Maryland’s $2-billion Purple Line light rail project has prevailed in the third and likely final attempt to block the new transit system currently under construction across Washington, D.C.’s northern suburbs.
U.S. District Judge James K. Bredar on April 13 rejected claims by a non-profit organization and two residents that the U.S. Army Corps of Engineers violated the federal Clean Water Act by allowing construction-related dredging and other work in streams and wetlands without fully considering other options to improve mobility along the project’s16-mile route.
Bredar also wrote that the Maryland Transit Administration, which defended the lawsuit on behalf of the Corps, “clearly demonstrated” that the final design was the “least environmentally damaging practicable alternative.” The agency will be required to perform stream restorations and wetlands creation to mitigate construction impacts.
Intended to provide an alternative to the congestion-prone I-495 Capital Beltway, the Purple Line has long encountered opposition by groups and individuals critical of the project, which is being built as a public-private partnership by a team led by Fluor, Lane Construction and Traylor Brothers.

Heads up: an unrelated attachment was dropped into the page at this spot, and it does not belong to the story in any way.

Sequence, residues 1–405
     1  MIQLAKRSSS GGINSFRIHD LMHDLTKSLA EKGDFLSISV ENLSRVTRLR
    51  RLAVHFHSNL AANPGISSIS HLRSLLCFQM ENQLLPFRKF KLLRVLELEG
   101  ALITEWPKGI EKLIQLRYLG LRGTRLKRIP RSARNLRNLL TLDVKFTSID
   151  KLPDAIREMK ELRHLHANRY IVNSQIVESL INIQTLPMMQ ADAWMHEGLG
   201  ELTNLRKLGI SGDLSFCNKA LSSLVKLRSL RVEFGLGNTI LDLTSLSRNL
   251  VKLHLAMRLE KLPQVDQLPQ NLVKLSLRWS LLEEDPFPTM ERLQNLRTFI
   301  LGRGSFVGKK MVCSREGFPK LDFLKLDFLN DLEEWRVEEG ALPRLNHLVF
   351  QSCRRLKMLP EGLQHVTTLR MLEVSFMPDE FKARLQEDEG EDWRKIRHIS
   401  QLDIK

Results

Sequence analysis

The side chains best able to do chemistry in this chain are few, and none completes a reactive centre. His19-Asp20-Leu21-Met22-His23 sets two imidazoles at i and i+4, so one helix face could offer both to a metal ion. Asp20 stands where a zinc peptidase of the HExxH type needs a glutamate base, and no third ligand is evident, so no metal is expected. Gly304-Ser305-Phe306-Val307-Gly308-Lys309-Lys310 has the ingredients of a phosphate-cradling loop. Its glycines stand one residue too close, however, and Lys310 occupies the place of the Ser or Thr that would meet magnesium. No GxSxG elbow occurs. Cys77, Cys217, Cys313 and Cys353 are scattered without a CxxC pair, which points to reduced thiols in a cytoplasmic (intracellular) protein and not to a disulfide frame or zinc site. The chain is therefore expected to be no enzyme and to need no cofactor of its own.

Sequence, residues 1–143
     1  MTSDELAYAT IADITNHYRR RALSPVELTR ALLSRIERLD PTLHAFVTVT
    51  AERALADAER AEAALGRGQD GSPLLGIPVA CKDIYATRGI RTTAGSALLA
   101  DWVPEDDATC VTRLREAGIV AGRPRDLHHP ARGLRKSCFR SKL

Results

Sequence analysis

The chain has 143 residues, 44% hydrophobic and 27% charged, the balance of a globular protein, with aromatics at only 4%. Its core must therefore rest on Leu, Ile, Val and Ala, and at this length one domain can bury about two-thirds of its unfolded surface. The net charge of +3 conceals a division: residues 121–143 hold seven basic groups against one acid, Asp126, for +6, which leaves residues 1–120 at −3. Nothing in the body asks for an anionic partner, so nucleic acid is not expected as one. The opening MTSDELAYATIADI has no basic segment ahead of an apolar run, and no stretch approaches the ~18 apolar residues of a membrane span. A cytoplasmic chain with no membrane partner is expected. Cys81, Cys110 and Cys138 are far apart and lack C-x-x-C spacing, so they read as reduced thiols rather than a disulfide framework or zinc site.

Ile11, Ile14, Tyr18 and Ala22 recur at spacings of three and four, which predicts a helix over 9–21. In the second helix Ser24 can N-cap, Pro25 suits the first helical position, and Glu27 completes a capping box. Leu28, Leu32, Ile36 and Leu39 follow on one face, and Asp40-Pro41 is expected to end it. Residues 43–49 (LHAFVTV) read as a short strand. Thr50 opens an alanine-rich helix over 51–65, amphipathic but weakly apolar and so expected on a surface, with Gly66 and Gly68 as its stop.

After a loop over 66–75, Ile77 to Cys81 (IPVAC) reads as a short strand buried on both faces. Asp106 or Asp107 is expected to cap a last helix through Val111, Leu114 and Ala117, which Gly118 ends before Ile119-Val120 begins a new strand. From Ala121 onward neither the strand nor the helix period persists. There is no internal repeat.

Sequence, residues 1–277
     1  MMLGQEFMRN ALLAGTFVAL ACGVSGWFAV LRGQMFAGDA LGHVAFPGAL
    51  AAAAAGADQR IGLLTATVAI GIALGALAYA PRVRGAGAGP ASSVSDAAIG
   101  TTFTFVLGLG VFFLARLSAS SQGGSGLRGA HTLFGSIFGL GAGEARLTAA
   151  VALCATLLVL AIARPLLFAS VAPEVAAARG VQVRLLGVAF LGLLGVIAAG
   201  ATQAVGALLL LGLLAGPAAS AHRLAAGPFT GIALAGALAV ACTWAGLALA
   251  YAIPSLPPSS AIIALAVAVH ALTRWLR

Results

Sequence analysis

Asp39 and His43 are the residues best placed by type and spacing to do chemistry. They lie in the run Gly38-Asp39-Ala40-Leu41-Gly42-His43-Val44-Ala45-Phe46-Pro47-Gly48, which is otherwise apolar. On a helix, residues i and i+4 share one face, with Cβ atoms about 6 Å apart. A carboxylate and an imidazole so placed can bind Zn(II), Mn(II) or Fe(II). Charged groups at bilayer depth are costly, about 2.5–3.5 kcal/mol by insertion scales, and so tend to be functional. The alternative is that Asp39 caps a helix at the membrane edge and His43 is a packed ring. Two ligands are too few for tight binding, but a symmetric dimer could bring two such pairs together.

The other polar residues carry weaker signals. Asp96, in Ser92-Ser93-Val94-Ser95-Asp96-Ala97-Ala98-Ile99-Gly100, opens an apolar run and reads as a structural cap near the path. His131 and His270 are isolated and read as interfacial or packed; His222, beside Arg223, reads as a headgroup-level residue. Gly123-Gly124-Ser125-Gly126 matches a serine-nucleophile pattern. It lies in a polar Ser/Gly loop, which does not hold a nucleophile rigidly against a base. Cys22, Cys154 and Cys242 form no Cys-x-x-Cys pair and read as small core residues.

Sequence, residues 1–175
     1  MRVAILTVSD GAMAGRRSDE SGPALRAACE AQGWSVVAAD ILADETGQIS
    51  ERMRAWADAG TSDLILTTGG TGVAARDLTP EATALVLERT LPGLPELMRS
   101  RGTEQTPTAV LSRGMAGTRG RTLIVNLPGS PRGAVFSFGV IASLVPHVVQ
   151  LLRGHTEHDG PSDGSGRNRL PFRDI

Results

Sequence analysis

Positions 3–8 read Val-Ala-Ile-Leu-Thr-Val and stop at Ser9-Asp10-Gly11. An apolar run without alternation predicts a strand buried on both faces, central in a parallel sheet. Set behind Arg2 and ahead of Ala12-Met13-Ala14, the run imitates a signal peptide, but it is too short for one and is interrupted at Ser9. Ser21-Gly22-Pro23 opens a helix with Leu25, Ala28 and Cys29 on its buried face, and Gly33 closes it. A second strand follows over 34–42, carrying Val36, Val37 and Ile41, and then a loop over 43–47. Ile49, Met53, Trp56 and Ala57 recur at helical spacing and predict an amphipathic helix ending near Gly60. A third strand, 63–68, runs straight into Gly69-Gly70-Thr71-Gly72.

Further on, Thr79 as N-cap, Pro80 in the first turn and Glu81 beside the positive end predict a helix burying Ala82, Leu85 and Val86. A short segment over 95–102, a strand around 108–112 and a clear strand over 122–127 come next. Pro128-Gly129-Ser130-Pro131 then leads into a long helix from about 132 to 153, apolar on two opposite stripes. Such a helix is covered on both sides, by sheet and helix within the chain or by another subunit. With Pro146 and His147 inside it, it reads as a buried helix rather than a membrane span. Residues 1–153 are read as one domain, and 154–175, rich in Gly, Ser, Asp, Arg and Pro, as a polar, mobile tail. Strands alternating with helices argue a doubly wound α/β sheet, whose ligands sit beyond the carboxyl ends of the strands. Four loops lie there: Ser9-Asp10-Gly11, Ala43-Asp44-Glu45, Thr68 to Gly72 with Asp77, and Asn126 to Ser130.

A federal lawsuit claiming faults with the Purple Line’s environmental analysis delayed the planned 2016 start of construction by more than a year before finally being rejected.
A second federal lawsuit, filed in 2018 by the same plaintiffs, unsuccessfully asserted that federal transit officials awarded the Purple Line $900 million in New Starts funding without fully considering the impact of declining ridership on the Washington, DC, area’s Metrorail system on the project’s financial structure. Transfers between the two systems are projected to provide nearly 30% of the Purple Line’s ridership.
While unsuccessful, the three lawsuits have complicated the Purple Line’s construction schedule, with only the easternmost five-mile segment scheduled to be ready by the original March 2022 completion date.
The remaining 11 miles, located in a more densely developed suburban area, will require at least another six months to finish.